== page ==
The CAMD Summer School - Electronic Structure Theory and Materials Design 2018
The school will teach PhD students from all over the world the basic and more advanced concepts in modern electronic structure theory including ground state density functional theory (DFT) and many-body methods. Emphasis will be put on the methodology applied “on-top” of ab-initio calculations which is essential for the computational design of new functional materials. This will be achieved through a combination of lectures given by world leading experts and hands-on computer exercises.
The primary purpose of this summer school is to teach the students how electronic structure theory can be used for materials design. An introduction to density functional theory (DFT) with particular emphasis on practical methodology and implementation aspects will be given. Extensions beyond the standard DFT formalism including time-dependent DFT, non-collinear spin, spin-orbit coupling, Berry phases and Many-body perturbation theory will be discussed. The subjects will provide the students with a basic toolbox that will allow them to perform first principles analysis of a large variety of problems in physics and chemistry. For example, quasiparticle excitations in the GW approximation, excitons from the Bethe-Salpeter Equation (BSE), time-dependent density functional theory (TDDFT), Berry phases and topological insulators, heterogeneous catalysis, electrochemistry and magnetism. The students will then be taught how to embed electronic structure calculations in a framework that facilitates design of materials with specific properties. For this purpose, there will be introductory lectures on machine learning, materials databases, and materials informatics and it will be shown how to perform materials design using data mining from materials databases and machine learning.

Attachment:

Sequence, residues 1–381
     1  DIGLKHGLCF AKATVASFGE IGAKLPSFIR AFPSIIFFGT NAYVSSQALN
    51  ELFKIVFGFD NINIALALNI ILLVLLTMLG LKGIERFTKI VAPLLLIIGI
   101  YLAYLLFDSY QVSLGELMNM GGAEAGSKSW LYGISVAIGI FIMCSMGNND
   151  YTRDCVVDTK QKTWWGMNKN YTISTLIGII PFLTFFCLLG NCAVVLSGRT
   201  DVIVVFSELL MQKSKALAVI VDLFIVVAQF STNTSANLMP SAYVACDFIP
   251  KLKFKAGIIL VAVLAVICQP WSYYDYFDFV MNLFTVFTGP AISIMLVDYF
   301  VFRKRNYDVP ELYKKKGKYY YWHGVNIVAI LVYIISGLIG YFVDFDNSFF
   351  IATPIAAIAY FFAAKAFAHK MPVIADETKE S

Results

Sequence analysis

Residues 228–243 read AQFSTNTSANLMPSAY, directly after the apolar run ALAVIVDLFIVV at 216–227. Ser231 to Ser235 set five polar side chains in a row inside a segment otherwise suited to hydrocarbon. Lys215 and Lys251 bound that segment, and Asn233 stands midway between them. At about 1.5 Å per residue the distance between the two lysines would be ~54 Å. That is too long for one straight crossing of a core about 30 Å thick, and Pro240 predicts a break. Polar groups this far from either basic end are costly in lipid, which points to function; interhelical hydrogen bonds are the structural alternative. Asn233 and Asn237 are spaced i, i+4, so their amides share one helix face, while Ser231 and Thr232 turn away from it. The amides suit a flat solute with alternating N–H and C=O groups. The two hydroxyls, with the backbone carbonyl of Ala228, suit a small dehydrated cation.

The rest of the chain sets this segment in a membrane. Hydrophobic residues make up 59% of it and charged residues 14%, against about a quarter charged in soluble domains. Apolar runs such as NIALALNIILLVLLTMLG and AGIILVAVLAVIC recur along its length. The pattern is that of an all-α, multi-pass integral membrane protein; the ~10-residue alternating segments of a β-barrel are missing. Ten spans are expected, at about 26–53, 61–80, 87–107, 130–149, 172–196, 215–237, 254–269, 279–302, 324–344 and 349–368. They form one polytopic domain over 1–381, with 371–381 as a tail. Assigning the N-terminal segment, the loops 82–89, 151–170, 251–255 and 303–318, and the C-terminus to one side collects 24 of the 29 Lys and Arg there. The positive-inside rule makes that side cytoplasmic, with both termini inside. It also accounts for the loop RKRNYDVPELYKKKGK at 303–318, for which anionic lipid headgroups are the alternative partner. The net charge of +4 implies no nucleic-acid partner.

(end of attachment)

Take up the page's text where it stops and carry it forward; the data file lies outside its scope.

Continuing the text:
The summer school will consist of lectures by international experts in the field followed by computer exercises giving hands-on-experience with the concepts discussed in the lectures. The lectures will be divided in tutorial lectures, which covers the basic theory on specific subjects and applied lectures, where it is demonstrated how to apply the methodology to tackle cutting edge research problems. The computer exercises will be based on the electronic structure code GPAW and the Atomic Simulation Environment (ASE). GPAW is based on the projector-augmented wave methodology and can perform computations on real space grids, plane waves or localized atomic orbitals. Besides ground state DFT, GPAW can perform various post-DFT electronic structures calculations such as GW, BSE, and TDDFT – all exemplified by pedagogical exercises. The ASE is a general purpose open source simulation environment that can be used to setup, control, and analyze electronic structure simulations carried out in a variety of electronic structure codes, e.g. including VASP, Octopus, GPAW, Dacapo, AbInit, ASAP, and Siesta. The exercises will be supervised by expert users of ASE and GPAW.
During the exercises the students will work in small groups with the focus on learning to produce publication quality simulations on the local computer-cluster. There will be a set of introductory exercises, which serves to introduce the students to the codes as well as to give the basic hands-on experience with DFT calculations. After completing these, the students will continue with a large set of advanced exercise within the fields of e.g. Catalysis, Molecular electronics, Electrochemistry, GW calculations, magnetic structures, correlation energies from the Random Phase Approximation etc.
The previous summer schools in this series in 2008, 2010, 2012, 2014, and 2016 were very successful and the positive feedback and large number of applications received showed the need for a summer school in this area. The five previous schools had around 110 participants (70 external graduate students, 20 local graduate students and 20 lecturers). At the 2018 Summer School we expect participation of 60-80 graduate students from other groups, 20 graduate students from the Technical University of Denmark, 15 invited speakers and 5 organizers/teachers from the organizing institution. Compared to previous summer schools we have including new subjects that are gaining territory in the field such as topological insulators and machine learning.